OUR POSITION: Seasonal population surge brings stress.

Maybe you’ve noticed the uptick in traffic in the past week or so? The big, big uptick?

Maybe you’ve tried to drive from Anywhere to Somewhere Else in what you think is a Reasonable Amount of Time!? And it takes Two, THree, FOUR times longer than it typically should???

And, for God’s sake, you’re stuck in a very, very long line of traffic just waiting to make a left turn! A simple left TURN!

And …

… Well, maybe you’ve noticed.

Welcome to the winter season — Snowbird Season — when you realize just how much the coast of Southwest Florida is a seasonal economy dependent on visitors/tourists. Bigly. Presidents Day weekend is considered peak season around here. And just wait: March is the top month for tourist taxes.

That means more crowds. And more stress in spacial relationships appertaining to mobility. Or, road rage.

To all our visitors: God bless you. We really do welcome and appreciate your presence. Y’all kick back and set a spell. Soak in the sun. Get up and golf. Enjoy lunch or dinner (or, heck, breakfast, lunch and dinner) at any of our fine restaurants. Go to the beach. Go fish. Sit on the lanai and sip your morning coffee while reading one fine local community newspaper. (Customer service operators standing by right now to take your call!)

Welcome. Enjoy.

But also recognize this area is far less busy in, say, June or July, when the southern sun is directly overhead, glowing red hot and large as a medicine ball.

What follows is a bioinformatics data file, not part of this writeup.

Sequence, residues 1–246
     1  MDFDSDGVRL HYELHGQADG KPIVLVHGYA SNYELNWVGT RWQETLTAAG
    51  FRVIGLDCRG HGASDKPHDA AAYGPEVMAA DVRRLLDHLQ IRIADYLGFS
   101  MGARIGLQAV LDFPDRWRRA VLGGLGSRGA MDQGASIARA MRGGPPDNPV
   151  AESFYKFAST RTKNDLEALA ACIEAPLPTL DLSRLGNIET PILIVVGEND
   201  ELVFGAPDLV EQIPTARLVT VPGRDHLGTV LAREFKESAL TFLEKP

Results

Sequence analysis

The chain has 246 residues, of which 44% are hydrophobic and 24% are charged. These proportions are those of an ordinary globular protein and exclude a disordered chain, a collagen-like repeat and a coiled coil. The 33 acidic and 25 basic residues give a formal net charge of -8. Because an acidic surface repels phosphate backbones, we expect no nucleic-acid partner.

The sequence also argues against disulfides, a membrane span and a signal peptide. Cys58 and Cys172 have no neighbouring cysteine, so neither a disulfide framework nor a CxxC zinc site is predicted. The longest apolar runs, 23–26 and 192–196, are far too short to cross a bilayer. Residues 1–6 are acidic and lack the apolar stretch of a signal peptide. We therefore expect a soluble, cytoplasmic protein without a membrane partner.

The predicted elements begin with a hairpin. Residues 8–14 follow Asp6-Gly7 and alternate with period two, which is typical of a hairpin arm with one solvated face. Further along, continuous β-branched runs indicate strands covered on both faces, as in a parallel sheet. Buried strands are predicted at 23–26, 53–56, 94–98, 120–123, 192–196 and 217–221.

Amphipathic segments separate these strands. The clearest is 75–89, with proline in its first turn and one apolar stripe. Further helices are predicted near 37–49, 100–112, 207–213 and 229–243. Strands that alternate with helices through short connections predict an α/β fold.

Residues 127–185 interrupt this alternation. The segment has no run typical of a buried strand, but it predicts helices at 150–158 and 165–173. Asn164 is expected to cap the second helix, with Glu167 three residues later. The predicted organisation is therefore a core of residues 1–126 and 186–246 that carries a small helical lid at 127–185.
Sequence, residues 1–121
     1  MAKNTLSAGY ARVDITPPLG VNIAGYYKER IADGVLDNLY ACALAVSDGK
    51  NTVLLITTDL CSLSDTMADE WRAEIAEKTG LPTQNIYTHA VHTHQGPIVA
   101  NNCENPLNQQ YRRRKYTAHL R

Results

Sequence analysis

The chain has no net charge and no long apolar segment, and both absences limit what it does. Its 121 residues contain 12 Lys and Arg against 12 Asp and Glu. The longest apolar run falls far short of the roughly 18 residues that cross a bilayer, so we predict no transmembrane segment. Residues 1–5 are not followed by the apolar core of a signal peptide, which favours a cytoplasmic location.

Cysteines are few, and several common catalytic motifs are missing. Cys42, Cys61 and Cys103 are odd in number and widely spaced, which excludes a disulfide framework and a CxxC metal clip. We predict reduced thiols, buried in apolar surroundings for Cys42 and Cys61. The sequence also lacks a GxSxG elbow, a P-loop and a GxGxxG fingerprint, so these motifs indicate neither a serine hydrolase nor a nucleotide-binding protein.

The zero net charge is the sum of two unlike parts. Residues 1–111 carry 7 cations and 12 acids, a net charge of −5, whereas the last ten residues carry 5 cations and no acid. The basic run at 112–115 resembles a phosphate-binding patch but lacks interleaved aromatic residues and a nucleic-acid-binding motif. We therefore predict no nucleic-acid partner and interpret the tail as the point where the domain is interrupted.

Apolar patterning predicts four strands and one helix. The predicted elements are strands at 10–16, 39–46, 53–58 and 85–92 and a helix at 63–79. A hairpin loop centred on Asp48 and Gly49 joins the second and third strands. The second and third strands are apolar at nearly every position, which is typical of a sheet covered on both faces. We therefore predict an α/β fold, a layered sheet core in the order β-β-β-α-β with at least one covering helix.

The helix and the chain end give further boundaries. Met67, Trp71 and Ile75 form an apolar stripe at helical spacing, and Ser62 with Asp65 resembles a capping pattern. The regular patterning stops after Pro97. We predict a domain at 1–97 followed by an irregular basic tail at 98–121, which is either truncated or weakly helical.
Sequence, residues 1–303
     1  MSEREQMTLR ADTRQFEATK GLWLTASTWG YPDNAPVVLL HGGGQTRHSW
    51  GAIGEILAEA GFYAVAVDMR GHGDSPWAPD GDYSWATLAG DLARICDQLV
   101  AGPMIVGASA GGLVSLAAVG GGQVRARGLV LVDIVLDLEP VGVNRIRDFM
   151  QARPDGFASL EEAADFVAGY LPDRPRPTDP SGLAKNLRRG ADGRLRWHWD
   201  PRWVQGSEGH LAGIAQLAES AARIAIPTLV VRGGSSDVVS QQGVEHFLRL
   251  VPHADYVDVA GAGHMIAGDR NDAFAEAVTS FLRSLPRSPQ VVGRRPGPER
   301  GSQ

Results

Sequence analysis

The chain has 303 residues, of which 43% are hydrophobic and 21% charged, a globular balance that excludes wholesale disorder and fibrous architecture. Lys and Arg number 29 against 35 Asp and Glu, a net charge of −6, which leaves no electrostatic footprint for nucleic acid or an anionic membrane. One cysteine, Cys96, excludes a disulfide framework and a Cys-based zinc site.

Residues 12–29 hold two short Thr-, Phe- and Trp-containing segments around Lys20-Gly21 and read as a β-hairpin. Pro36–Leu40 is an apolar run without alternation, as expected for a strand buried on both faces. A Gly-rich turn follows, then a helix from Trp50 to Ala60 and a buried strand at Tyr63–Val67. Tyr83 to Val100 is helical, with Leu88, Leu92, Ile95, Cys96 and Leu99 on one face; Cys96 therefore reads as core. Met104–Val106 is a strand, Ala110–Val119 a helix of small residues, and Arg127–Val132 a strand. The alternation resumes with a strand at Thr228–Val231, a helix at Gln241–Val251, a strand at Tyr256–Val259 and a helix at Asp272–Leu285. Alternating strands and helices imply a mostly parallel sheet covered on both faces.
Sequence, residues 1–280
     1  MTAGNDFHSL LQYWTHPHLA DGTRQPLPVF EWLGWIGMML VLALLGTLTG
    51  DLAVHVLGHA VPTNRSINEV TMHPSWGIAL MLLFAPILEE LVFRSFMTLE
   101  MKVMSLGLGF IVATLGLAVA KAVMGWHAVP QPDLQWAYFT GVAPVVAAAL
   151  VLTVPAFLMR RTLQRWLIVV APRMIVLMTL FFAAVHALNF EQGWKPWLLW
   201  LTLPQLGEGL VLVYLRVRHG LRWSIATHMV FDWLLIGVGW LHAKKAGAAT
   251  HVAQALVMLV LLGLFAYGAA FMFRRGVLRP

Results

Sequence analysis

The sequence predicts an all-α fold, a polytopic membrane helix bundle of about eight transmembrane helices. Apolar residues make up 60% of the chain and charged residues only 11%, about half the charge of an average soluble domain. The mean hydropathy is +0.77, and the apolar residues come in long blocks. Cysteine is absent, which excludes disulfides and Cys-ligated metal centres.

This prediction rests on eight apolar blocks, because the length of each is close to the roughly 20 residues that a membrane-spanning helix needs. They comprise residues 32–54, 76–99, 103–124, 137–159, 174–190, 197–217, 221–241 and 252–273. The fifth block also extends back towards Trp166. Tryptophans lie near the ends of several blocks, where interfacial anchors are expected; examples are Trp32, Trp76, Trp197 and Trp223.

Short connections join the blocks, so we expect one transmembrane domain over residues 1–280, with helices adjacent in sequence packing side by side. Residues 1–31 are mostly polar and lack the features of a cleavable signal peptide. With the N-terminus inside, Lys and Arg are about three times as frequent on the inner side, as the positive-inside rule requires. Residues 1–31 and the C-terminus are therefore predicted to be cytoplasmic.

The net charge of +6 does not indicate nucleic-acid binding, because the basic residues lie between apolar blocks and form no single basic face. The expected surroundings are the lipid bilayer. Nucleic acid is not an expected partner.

It’s a lot less busy then. And the simple car trip that takes all of 45 minutes today can be executed in a mere 20. A person can exceed the speed limit by a modest amount without being blocked by a convoy cars from (Another Place) in both right and left lanes. Quick trips to Publix are in-and-out simple. If you want to dine out on your brother’s birthday, no need to wait an hour for a table, or settle for Burger King.

Please, recognize that year-round residents may become a tad testy at times. All apologies, but the aforementioned testiness may, unfortunately, lead to less-than-admirable expressions or behavior. Actual rudeness.

All apologies, and, yes, really, no excuse. Except that we are also frail and flawed human beings, as are ye.

To all our year-rounders: Come on, man and woman! Chill.

It’s really busy right now, so plan accordingly and calm the heck down.

Recognize that we live in a seasonal economy. Winter snowbirds support our year-round economy. They buy newspapers, gasoline, lunch, T-shirts, tomatoes.

They create jobs. They pay rent. Sometimes they like it here so much, they buy houses. And then they pay property taxes that support your kids’ schools while not actually filling those schools with kids of their own. They fork over sales taxes that pay for the new recreation center you use in June and September, when they’re back north in (Another Place).

Sometimes — get this — they may even invite us over for drinks and dinner. We have a very pleasant evening, thank you very much.

It’s just that, we all depend on one another. We should appreciate one another. It’s stressful, yes. The population surge challenges our infrastructure and our patience.

But it best serves all to be mindful of our common interests. To be polite. To be respectful. We can all get through this together and, soon as you know it, the roads and restaurants will clear out again. It’ll be hot and quiet and dull as all get-out, which is the way some people like it.


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